After chatting with Jon and the team from Best Friends Animal Society, we were inspired to create a hack to support some of Best Friends' most pressing needs. We wanted to try our hand at building a chatbot, and though they can be overly flashy but not particularly useful, we think AdoptBot could be a great addition to Best Friends' online outreach strategy.
A chatbot allows users to quickly get personalized information in one place and ask questions naturally, 24/7 and using any device. Users are also often reluctant to scour a website or social media for information; with a chatbot, one can just send a message and have the bot do the work. Due to the platform's interactive nature, there's also less user drop-off, especially when the bot's responses include some call to action or prompt.
What it does
AdoptBot processes users' natural language queries and responds to them in plain English as well. Users can ask about pet adoption, donation, and volunteer opportunities. AdoptBot also integrates with the RescueGroups API to query the database of pets up for adoption and presents the user with up-to-date, localized information.
How we built it
We used a number of technologies to create AdoptBot. The service was primarily implemented with Python 3. We used libraries such as NLTK (natural language toolkit) to form the basis of our natural language processing capabilities. In addition, we deployed the chatbot on Heroku and integrated it with Facebook's Messenger Platform. However, the code is quite modularized and can be used with any platform, whether it's a chat box on BestFriends.org or SMS.
Challenges we ran into
We ran into quite a few challenges.
Firstly, we wanted to keep Best Friend's primary objectives in mind. From our chats with the Best Friends team, we realized that a significant issue was maximizing engagement. We spent several hours the first day discussing ways to design the user flow with this goal in mind. For instance, in the case when a user prefers a specific breed but none are up for adoption, we wouldn't want to lose them as a potential adopter, volunteer, or donor. Therefore, we implemented a mechanism to intelligently suggest calls to action - perhaps suggesting a user to subscribe to Best Friend's mailing list or adopt another pet if their choice of breed isn't available.
Also important were the challenges involved in dealing with natural language. This is a cutting-edge field and we wanted our bot to go beyond coding some simple simple rules and constraining users to sending only simple messages in some required format. Though we didn't have the time to integrate anything fancy like a full-fledged machine learning model for natural language processing (which is the state of the art), we've implemented some interesting capabilities such as fuzzy matching and stemming to allow for AdoptBot to understand a robust range of user messages.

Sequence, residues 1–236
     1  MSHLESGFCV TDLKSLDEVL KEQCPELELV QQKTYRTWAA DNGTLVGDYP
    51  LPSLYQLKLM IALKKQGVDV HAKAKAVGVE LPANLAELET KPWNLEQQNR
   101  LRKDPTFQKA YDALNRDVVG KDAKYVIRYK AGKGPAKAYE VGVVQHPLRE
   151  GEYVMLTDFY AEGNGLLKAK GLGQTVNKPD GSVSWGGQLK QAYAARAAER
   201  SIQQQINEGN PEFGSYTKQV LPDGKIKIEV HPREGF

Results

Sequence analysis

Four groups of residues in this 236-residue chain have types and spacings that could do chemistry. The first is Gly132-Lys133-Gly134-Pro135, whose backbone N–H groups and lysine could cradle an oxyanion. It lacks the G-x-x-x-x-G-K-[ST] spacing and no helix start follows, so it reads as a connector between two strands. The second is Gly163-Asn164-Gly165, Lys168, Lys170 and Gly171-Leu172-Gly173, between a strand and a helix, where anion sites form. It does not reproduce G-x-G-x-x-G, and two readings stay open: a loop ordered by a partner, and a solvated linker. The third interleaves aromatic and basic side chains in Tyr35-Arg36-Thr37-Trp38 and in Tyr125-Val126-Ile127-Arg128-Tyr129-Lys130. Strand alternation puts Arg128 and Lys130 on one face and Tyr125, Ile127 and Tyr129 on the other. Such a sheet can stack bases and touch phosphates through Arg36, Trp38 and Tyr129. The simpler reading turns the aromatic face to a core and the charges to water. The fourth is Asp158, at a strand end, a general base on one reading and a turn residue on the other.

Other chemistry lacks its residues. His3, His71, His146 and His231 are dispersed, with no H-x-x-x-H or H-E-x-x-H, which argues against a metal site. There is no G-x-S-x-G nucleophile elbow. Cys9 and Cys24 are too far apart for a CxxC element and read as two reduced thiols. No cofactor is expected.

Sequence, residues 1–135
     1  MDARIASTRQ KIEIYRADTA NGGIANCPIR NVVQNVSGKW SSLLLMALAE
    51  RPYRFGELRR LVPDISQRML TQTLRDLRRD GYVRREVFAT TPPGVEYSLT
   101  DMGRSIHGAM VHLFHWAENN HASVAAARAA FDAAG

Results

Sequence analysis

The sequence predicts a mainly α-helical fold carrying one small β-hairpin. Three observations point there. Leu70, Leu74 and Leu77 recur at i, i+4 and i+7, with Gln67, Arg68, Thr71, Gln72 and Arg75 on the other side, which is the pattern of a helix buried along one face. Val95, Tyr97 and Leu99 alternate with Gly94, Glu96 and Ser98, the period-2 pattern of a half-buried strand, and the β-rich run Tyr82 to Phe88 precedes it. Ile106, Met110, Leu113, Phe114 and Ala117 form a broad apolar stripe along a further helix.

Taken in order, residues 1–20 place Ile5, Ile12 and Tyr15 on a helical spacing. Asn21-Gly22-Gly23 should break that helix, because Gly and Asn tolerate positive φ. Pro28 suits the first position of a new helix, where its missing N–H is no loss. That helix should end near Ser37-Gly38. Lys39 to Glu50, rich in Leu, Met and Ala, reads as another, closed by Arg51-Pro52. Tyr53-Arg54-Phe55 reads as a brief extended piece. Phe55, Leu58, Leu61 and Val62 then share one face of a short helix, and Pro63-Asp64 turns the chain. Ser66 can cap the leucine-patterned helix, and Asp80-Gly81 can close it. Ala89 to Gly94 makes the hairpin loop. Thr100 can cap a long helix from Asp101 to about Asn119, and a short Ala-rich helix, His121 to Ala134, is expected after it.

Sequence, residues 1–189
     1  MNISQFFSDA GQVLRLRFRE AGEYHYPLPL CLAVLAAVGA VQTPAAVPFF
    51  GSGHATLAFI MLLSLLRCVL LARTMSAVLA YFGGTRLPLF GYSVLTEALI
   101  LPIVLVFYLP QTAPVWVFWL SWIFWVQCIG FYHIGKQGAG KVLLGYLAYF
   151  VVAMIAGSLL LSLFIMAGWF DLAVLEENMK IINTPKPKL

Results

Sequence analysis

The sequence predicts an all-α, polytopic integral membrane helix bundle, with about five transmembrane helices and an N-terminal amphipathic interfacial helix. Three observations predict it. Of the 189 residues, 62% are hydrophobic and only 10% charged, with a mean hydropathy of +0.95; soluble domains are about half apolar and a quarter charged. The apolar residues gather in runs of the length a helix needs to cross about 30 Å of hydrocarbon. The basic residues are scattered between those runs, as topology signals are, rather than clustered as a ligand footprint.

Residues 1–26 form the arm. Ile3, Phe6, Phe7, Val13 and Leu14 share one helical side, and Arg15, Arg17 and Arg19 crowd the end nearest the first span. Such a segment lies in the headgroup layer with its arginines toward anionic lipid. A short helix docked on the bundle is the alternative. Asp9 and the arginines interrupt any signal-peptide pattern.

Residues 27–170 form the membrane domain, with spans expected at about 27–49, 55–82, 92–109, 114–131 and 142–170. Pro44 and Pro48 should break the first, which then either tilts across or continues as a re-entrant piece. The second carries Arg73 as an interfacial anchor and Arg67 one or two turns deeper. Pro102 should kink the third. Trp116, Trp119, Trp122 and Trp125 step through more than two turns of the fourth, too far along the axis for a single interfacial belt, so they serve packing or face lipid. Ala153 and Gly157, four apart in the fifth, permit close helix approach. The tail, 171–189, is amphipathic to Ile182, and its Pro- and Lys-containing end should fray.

Finally, another big challenge that we continually ran into was maintaining our sanity. By that we mean sanity of the code. As we found out, it is ridiculously easy for chatbot code to devolve into a mess of if/else statements. Furthermore, we wanted conversations to be natural rather than one-shot; by this we mean that conversations could develop over the course of multiple messages, rather than each message being considered and responded to individually without consideration to chat history. And, with the added complexity of having to maintain individual states for each user and handle multiple conversations at the same time, we really needed to figure out a way to maintain the state of all the chats. Our solution to this was a sort of finite state machine, which allowed us to elegantly maintain complex conversations and modularize the code.
Accomplishments that we're proud of
This was Cindy and Noah's first time building a chatbot, and one of Cindy's first projects using Python. We're proud that everyone got to pitch into all phases of the process - ideation, design, implementation, and branding - to make a working prototype.
Our demo conversations were scripted, but we're proud that the chatbot is very robust and can truly handle a complex conversation, presenting the user with useful information and hopefully supporting Best Friends' goal to save them all!
What's next for AdoptBot
There's a lot to improve upon but we think that our prototype has stubbed out a good framework to start with. The codebase is structured so that new capabilities can be easily added. Here's just a few ideas we have:
- A lot more integrations could be added with Best Friends' existing infrastructure. For instance, in our prototype we couldn't actually link up with the mailing list. However, we envision the bot being able to do even more things like schedule volunteers at their local partnering shelters or walk users through all steps of the adoption process.
- Facebook's platform allows more complex message types. For instance, Facebook Pay could be easily integrated to solicit donations in-app.
- We could incorporate novel natural language processing capabilities using machine learning. These are becoming more and more practical as time goes on and will reduce the need for "rules" and "paths" to be explicitly defined.
(Note: AdoptBot is waiting for Facebook approval to go live, so only developers can speak to it right now.)